I am struck by the tendency to move faster at this time of year. The busy shopping excursions to the grocery store to secure the right side dishes for the main course, the mad dashes to stores to get final gifting of course- the competition for the parking spots!
We seem to be wildly out of synch with the calling of the natural world. Bring to mind a morning that you woke to a blanket of snow. That is the quietness, the stillness that winter offers us.
So different from the dry heat of the summer, or the energy of spring, winter is a time of stillness- short days and long nights. The hills in my town are cloaked in low lying fog, the animals are quietly moving through the still land. This time of year, nature invites us to a time of quiet and stillness.
Stillness offers so many gifts to us but it can be so easy to overlook. It can help provide clarity. Imagine a rushing river. The sediment and particles from rock are swirling around, moving through the water so that it is difficult to separate the two.
Now, imagine a calm pond or lake that receives the river and brings it to stillness with depth. The heavier sediment can settle down to the bottom and the water can become clear.
So often in adult life, it is difficult to offer ourselves the gift of stillness or quiet. We move quickly through our world- and we often have to! There is laundry, bills, taxes, medical appointments, meals to be made, workouts to be done.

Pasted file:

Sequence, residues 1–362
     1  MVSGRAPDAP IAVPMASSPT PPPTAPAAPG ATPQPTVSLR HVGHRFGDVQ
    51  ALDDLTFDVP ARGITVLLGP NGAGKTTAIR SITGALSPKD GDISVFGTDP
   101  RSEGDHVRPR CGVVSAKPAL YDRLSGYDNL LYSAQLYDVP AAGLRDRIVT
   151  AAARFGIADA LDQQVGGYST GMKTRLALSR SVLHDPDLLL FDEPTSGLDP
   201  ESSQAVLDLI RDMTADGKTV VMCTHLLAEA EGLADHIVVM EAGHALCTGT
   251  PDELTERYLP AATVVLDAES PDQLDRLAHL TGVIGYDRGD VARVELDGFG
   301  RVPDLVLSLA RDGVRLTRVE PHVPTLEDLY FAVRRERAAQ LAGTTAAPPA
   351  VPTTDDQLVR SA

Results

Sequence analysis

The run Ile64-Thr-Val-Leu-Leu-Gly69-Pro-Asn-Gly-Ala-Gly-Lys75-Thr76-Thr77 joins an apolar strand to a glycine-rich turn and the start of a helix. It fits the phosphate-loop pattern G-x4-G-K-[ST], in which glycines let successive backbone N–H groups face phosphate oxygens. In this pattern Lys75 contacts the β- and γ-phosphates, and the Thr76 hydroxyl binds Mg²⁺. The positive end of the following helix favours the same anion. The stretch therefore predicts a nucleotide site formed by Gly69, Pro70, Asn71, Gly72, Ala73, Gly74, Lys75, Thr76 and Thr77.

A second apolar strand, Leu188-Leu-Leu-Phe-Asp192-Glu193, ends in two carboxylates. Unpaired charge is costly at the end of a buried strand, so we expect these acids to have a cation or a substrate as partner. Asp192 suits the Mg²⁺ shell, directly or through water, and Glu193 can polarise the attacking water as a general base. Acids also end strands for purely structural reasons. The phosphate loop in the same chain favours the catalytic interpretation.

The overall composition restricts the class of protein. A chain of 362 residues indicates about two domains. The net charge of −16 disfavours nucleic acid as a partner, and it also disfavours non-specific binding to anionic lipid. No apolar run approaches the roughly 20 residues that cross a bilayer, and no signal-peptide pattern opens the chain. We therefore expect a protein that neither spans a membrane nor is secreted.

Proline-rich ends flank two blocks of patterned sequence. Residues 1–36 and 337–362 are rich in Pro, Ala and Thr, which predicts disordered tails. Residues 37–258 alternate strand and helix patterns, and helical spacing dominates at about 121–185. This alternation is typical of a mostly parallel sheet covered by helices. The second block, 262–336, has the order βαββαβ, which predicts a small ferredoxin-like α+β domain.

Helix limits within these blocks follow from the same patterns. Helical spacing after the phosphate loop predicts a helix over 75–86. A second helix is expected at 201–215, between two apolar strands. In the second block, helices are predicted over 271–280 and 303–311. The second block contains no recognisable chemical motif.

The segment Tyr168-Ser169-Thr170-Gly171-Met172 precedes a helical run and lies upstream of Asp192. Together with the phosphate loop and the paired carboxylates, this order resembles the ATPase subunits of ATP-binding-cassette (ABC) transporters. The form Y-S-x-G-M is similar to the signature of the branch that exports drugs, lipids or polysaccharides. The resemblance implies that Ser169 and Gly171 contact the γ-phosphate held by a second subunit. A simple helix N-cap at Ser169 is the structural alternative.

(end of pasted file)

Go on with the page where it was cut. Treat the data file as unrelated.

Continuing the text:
Without this quality of quiet stillness, it is easy to move around, swirling like a rushing river- and it can be challenging to gain insight or clarity. What is your response to stillness or quiet? Is it something you avoid?
Since our focus is on movement, let’s use the example of movement in our clarity practice- but really, you can use this technique to develop insight or clarity around anything you like (eating habits, thinking habits, communication styles are other examples of great places to develop clarity).
The first part of this practice is developed from Buddhist monk and mindfulness meditation teacher Thich Nhat Hanh. Allow yourself 10 minutes of quiet for this practice:
1) Make sure you find a spot that is quiet where you can be undisturbed for the next 10 minutes (you can set a timer if you like so you know when your time is up)
2) Find a comfortable resting position- this can be seated or lying down- whatever works best for you
3) Commit to your stillness for the next 10 minutes. Rest in a position that is the most comfortable for your body. Get a pad of paper and pen or pencil and have it close by.
4) Begin by breathing in- noticing when you are breathing in, and breathing out, noticing when you are breathing out. Notice the different sensations as you breath.
5) Count your breaths (breathing in and out is one) going up to 10, then beginning at one again. Do this for several rounds of 10 breaths.
6) You will notice when you first do this it may be very difficult to keep your attention on your breath. If your mind wanders, just gently bring it back to your breath and count. If you lose count- just gently start over again at 1.
7) When you begin to settle into this practice (after 3 or 4 rounds) you may notice a couple of things:
a. Your breathing naturally becomes a bit deeper and or slower
b. It is easier to focus on your breath
c. Your body may feel more relaxed with less tension
When you begin to notice this change (it will be different for everyone and different day to day) bring into your mind a very still lake. It can be a lake you have seen in your life or a lake that only exists in your imagination. There is no wind and the surrounding scenery is perfectly reflected on the lake surface.